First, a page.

Stretched thin?


Is the National Guard still able to help out in times of emergency back home?

National Public Radio today is reporting that Iowa is turning to retirees of the National Guard to assist in domestic emergencies, because so many National Guard members have been deployed overseas.

“The National Guard provides a number of things in our local communities besides just disaster work,” one local official told NPR today. “But certainly from our perspective, that’s when we need them the most. And you have to sit up and take notice of those numbers being someplace else.”

NPR noted that no National Guard troops were used in the flooding in Iowa a few weeks ago, contrasting that to 2008 when 4,000 troops were dispatched to local communities. In fairness, the 2008 flooding was much worse than 2010.

And Minnesota?

“There is no such program in Minnesota,” according to Lt. Col. Kevin Olson, the director of public affairs for the Minnesota National Guard.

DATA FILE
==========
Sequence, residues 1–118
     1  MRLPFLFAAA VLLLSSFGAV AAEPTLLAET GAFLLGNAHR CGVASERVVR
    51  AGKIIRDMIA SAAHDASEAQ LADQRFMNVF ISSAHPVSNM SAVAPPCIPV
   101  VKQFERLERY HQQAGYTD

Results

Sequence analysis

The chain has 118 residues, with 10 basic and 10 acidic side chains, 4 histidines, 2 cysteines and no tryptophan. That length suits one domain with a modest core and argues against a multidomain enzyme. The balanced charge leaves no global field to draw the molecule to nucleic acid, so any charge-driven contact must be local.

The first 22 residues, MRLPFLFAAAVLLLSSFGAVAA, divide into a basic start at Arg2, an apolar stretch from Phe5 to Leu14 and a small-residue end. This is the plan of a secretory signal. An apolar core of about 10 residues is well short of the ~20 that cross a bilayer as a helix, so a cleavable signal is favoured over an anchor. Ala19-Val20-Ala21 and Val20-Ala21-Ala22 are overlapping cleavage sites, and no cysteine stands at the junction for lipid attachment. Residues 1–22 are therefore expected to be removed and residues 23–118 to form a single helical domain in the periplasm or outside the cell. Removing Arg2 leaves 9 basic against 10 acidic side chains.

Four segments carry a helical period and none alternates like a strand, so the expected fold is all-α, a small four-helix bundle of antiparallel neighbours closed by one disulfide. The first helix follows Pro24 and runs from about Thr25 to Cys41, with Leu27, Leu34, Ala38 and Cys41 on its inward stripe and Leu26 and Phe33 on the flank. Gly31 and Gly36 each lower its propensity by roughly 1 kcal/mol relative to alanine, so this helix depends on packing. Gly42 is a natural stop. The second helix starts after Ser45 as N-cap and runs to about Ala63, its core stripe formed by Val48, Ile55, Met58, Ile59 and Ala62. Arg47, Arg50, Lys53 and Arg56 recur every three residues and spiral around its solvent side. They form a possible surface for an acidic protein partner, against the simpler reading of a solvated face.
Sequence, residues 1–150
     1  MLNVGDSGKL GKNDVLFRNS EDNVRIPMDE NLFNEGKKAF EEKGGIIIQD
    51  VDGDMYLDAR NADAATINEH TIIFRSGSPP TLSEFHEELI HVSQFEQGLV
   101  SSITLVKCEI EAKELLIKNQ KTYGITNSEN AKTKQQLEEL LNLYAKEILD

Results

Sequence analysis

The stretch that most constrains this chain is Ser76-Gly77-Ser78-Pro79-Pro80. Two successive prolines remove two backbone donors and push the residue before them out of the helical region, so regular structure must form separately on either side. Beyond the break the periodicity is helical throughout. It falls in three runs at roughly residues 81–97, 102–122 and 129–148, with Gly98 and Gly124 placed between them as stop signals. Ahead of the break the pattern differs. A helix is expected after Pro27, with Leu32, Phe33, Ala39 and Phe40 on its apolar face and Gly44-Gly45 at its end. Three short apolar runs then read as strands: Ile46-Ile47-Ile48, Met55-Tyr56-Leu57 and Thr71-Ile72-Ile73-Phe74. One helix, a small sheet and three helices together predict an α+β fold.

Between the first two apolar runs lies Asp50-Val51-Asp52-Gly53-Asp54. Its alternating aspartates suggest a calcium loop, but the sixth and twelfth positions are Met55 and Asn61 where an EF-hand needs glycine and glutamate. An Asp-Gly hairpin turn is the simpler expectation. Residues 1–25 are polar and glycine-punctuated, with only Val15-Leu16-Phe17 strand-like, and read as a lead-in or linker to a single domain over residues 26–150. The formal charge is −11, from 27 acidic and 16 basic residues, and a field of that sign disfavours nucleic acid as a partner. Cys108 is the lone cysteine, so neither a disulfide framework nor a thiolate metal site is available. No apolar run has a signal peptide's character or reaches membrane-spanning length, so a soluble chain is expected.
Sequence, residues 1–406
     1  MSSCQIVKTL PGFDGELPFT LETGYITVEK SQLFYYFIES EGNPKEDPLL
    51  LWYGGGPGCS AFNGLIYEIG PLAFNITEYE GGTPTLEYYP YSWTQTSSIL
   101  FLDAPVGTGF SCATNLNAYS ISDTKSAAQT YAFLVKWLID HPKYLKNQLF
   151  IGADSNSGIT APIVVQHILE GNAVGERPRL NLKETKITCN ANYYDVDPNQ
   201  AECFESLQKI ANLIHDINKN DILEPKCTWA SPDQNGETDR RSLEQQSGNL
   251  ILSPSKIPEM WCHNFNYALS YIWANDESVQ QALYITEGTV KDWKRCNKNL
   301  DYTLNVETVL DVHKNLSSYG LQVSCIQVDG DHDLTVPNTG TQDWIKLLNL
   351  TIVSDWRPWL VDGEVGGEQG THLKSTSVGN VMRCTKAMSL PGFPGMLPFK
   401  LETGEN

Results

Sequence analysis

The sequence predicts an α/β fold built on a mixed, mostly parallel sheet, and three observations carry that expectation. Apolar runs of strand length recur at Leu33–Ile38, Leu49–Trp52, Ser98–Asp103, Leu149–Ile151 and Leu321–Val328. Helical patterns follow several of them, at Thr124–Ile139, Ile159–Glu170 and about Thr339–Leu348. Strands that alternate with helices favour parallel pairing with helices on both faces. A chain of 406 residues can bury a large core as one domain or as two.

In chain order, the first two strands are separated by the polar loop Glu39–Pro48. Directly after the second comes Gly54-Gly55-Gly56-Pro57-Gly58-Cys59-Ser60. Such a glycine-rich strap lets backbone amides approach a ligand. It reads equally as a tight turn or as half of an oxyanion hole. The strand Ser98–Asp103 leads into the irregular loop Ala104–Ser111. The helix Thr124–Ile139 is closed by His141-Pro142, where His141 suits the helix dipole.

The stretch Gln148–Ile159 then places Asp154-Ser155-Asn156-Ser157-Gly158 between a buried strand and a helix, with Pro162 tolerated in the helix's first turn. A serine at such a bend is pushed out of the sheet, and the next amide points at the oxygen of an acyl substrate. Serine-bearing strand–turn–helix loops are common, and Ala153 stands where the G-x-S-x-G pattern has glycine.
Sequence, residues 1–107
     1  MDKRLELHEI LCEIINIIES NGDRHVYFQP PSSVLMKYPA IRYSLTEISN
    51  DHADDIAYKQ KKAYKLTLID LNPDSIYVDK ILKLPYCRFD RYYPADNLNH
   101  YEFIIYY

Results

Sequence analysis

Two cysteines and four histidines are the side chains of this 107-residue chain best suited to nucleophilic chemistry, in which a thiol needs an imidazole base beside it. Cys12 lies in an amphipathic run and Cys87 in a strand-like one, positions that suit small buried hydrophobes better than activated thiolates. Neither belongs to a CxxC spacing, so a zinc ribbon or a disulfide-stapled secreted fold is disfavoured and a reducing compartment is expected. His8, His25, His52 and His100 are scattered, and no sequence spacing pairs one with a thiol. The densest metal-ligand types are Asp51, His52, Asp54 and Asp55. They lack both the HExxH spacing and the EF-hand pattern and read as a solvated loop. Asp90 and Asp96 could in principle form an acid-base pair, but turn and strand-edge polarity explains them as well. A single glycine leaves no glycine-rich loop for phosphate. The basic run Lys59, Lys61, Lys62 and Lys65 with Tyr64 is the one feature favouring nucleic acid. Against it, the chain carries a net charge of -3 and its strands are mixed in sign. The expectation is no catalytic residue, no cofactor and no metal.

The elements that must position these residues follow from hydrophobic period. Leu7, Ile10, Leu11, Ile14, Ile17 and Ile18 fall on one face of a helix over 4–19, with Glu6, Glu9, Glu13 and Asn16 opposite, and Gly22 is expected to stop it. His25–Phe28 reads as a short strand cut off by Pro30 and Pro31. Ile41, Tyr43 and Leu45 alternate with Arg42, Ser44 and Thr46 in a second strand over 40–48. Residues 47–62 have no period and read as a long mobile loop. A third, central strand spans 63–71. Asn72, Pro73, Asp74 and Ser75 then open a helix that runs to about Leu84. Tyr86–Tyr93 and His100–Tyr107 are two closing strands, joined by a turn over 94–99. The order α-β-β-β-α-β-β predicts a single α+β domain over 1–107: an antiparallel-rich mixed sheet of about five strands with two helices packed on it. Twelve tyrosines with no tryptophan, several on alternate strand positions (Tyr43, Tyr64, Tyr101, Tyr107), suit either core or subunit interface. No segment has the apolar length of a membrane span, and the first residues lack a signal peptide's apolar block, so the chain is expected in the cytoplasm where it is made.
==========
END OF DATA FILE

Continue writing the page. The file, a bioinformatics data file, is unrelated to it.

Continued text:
He says Minnesota has a much larger National Guard force than Iowa. There are about 14,000 members of the Minnesota National Guard.

“Even with a projected large deployment next year (up to 2,700), there are sufficient forces in Minnesota to meet any state requirement,” according to Olson..

(Photo: U.S. Soldiers assigned to the Iowa Army National Guard construct a 7-foot levee to protect an electrical generator from rising floodwaters in Hills, Iowa, June 14, 2008. Iowa National Guard Airmen and Soldiers have been activated to work with state and local agencies to provide security and help recover areas damaged by widespread flooding. DoD photo by Staff Sgt. Oscar M. Sanchez-Alvarez, U.S. Air Force via Flickr.)

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